Leading global packing equipment company, MAF RODA says the industry is now able to analyse every piece of fruit more thoroughly than ever before, thanks to huge advancements in technology available in Australia.
Speaking at APAL's online Post-Harvest Seminar, MAF Oceania Sales Director, Phil Alexander says the grower, packer and equipment manufacturer are all working to achieve the same purpose in developing a "smart packhouse" into the future.
"The basis is two elements; the output of consistent high-quality product, and packing efficiency with minimal labour," he said. "These are the objectives driving out business, which we have business in two directions. One is vision and sensor development, and the other is packing automation and robotics."
MAF RODA is a global company, with 16 subsidiaries in 11 countries, its Victorian facility has been manufacturing since 1976. The latest offering in terms of technology, according to Mr Alexander, is the Globalscan 7.
"It has RGB and three infrared spectral images as standard," he said. "We can also add a UV spectral image for certain applications such as citrus or mangoes. This is now achieved through a single lens in the camera - previously we would have had 4-5 cameras to achieve this result. We are now able to do it with a single lens camera. On each lane we have three cameras analysing every piece of fruit and we are able to analyse so much more in the fruit than we were 10 years ago due to the improved cameras, ever increasing computer power, better mathematics in our algorithms and growth of machine learning."
To complement MAF RODA's vision systems, Mr Alexander explains there are now some infrared platforms, which are used for internal monitoring.
"We have two sensors in this space; one is insight to look at dry matter and sweetness of fruit, the other is the IDD internal defect," Mr Alexander said. "We have installed twelve of them across all different types of graders. We have been able to retrofit to whatever was previously existed in Australia, to allow everyone to have access to these internal defect measurements. It has almost become industry standard for the supply chain."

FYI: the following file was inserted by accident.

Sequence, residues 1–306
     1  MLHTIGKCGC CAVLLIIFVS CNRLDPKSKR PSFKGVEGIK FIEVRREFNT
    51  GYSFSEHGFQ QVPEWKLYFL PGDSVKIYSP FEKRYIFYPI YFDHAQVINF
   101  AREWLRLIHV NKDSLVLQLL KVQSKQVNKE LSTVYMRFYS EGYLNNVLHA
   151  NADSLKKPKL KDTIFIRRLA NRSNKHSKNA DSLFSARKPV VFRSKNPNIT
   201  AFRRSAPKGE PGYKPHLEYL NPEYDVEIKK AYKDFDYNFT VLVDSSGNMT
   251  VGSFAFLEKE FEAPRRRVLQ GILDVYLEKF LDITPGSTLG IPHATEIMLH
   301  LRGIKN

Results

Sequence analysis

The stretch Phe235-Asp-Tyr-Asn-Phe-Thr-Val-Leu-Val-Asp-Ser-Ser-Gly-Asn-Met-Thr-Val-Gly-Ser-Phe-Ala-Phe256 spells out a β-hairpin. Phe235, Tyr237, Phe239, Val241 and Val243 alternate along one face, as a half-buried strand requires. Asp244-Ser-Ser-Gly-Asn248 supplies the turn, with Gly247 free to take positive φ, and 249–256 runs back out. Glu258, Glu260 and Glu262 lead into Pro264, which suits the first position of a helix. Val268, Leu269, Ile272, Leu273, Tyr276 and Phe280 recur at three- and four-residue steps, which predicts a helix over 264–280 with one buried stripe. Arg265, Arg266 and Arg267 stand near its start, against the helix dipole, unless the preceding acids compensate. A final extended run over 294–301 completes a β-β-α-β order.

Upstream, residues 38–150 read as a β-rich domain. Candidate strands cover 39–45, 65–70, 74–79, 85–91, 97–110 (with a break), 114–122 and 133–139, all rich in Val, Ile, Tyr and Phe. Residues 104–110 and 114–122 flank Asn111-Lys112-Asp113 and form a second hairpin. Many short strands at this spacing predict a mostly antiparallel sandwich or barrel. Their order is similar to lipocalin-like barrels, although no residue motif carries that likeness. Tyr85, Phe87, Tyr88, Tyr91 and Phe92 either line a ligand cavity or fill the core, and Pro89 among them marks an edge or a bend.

He added that there is some interesting work going on with sensors, in particular the transfer of information from the medical sector back into fruit research. The MAF Oceania Sales Director says soft x-rays can be used to pick up contamination in fruit.
"But if we use x-ray with multiple sensors, we can develop a 3D image of fruit that can be used for picking up internal defects," Mr Alexander said. "Likewise, magnetic resonance or MRI; there is some amazing information coming out of fruit using MRI. The downside at the moment is that it is really expensive, and it is very slow. There are a few groups in Israel that are continuing this work and trying to extend it into the real world of fruit sorting. I see this application becoming part of a biosecurity inspection process, where trays of fruit can be looked at with a portable MRI scan."
Mr Alexander says another growth area is in data collection, because the packing shed is the only place where every piece of fruit can be inspected. Therefore, the analysis of that data can involve the orchard information, the packhouse, quality inspection and traceability.
"This can give you some really accurate information on your agronomy and post-harvest treatments," he said. "An explosion of data can be collected throughout the whole process. Additionally, things like temperature, which is a pretty basic issue and the maintenance of a sound cool chain is pretty well known to all of us but is pretty ignored. I think that there will be some new products dedicated to recording produce history and analytics to protect shelf life. Additionally, I see that there will be software products evolve that will take all of the data that is available in the packing shed and analyse it with real statistics that give answers to growers and packers."
In addition to the sensors and data collection, MAF has also been working with in the robotics and automation space, with several technology systems that help in the actual packing of the produce.
"The fundamental question asked to me every day is how can I reduce the packing cost to the grower," Mr Alexander said. "This pretty much equates to the removal of labour from the process. That is increasingly important this year with the COVID-19 pandemic and the shortage of labour. Some of our progressive thinkers in the industry were probably before the 2000s, even back to the 1980s, with the adoption of pre-sizing equipment. From there we have grown to having nine pre-size MAF systems in Australia and 135 systems worldwide. Some from small growers, right up to massive 120,000 plus bin companies. Now that we have our product sorted using the pre-size, and we know what we have got and what quantities we can start looking further down the line to introducing more robotics."
Mr Alexander says MAF RODA has two types of packing robots, the line pack and fast pack, which orientate the fruit and place them onto the trays, before they are placed into boxes.
"We have 62 of these packing robots worldwide, in various configurations," he said. "So, we are now at the point where we can pack with very few people in the shed. Once we have it in the box there is also automation in the palletisation. But another thing that is becoming a challenge for us is using environmental packaging. MAF has been involved in the development of sustainable packaging, particularly the development of machinery for cardboard pre-pack environment. This is some of the equipment starting to come through and there is take-up of this in Australia as well."